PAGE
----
Perhaps it is not by chance that the British Prime Minister’s Strategy Unit is located in Admiralty Arch, with the statue of Captain Cook in front of it. With everything that we hope to achieve for SEPA in the short and medium term, we must not lose sight of the broad SEPA strategy and our long-term objectives.
The objectives of greater harmonisation and increased innovation
In the past, the main reasons for exploration at sea were political as well as commercial, such as the discovery of new trade routes. However, Captain Cook’s voyages in particular had an explicitly scientific purpose, too. The aim of his first journey, for example, was to observe and record the transit of Venus across the Sun.
SEPA is a project driven by business as well as politics and is also gaining more and more academic attention. A research conference held recently at the ECB found that a fundamental relationship exists between the retail payment business and overall banking performance. There is academic evidence that, in countries with more developed retail payment markets, the banks perform better. This relationship is stronger in countries which have adopted a relatively high number of technologies for retail payment transactions.
Starting in the 15th century, the Age of Discovery was characterised by increased competition among explorers in order to be the first to discover the last remaining uncharted waters. A by-product of this was that innovations in sailing ship technologies, the creation of new maps and advances in astronomy were achieved. In the same way, competition is an important contributor to innovation and efficiency in the field of retail payments, too. According to academic research, consumers in a very competitive retail payment market benefit from more choice, quicker execution of payments and greater efficiency. Competition among retail payment instruments fosters innovation and may also encourage retail payment providers to improve their services. As a result, banks also perform better in such a market. Furthermore, greater use of electronic retail payment instruments seems to stimulate banking business. At a time when banks are having to reconsider their business models in light of the current financial market developments, these are promising results and should even motivate us to strengthen our joint efforts to achieve a real Single Euro Payments Area. Retail payments could well prove to be the banks’ trade route out of the rough sea that they are currently having to navigate. Therefore, the SEPA objective of harmonisation is of sustained importance and the European Payments Council (EPC) is encouraged to proceed with its efforts in realising this goal.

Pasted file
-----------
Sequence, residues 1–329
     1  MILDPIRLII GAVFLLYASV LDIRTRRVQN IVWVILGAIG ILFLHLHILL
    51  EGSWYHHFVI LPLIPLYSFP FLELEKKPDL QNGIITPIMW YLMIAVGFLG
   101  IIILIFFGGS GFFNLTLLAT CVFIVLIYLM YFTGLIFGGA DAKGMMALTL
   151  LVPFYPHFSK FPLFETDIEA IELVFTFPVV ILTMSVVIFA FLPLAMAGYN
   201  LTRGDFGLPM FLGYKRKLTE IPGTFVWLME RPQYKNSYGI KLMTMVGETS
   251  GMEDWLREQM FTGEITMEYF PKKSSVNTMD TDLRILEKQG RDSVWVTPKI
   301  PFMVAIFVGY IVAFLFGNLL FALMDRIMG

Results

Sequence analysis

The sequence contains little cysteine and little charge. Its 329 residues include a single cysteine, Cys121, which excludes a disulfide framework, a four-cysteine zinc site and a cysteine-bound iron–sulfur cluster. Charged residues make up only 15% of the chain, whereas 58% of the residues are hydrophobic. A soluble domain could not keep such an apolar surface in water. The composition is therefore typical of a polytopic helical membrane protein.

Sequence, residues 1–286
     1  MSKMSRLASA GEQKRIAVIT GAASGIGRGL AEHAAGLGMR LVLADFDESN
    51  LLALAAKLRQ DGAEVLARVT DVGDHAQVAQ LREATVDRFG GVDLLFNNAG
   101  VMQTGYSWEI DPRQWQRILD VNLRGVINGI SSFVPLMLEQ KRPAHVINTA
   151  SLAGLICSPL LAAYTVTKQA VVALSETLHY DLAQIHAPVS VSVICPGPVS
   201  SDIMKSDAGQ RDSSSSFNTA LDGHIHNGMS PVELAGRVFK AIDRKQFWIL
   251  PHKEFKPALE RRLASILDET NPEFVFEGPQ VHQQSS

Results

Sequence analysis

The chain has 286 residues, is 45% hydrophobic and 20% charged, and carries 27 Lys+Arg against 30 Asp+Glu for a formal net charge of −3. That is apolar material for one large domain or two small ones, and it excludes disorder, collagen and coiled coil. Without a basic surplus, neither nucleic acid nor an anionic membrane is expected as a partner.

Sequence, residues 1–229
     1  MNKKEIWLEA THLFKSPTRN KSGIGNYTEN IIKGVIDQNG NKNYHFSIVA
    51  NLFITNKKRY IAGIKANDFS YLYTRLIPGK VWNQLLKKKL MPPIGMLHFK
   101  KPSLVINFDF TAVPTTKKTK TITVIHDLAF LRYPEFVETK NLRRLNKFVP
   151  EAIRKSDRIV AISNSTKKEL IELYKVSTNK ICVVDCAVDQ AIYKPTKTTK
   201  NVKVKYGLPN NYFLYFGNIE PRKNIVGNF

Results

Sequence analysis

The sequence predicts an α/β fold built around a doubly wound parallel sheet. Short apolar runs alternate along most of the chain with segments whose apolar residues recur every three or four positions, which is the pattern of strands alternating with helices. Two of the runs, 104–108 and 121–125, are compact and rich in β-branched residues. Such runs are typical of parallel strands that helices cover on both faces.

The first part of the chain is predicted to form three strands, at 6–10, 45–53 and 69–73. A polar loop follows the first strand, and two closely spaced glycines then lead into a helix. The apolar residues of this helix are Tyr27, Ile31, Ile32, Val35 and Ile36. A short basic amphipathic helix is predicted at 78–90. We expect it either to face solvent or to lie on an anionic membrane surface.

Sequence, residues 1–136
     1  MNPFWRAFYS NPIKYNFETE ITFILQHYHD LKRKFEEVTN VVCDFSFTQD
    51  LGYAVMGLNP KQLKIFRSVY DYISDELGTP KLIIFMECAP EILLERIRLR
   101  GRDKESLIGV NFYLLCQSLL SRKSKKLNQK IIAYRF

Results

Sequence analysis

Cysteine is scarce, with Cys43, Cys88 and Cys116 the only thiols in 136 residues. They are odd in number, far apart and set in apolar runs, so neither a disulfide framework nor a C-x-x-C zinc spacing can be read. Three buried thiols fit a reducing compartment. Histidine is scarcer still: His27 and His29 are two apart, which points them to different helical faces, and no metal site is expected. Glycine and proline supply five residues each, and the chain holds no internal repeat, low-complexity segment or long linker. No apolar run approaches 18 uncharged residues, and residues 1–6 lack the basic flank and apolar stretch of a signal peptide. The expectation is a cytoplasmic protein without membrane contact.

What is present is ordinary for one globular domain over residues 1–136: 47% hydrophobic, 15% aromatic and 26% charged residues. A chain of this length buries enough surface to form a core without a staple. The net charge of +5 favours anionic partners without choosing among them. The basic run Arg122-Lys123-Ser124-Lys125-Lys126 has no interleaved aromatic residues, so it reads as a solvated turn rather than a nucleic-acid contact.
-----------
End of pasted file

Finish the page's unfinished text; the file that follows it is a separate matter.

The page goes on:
So far the EPC has been focusing mainly on core and basic payment instruments. This approach was necessary in order to establish a SEPA-wide framework within a reasonable amount of time. The final service offered should, of course, go beyond these basic products, since customers will set the benchmark at the level of service of the legacy instruments. However, this should not prevent providers and users from making a thorough analysis of their business processes and adapting them to suit their new SEPA environment. In addition, the EPC should also pay increased attention to the standardisation of the customer-bank interface.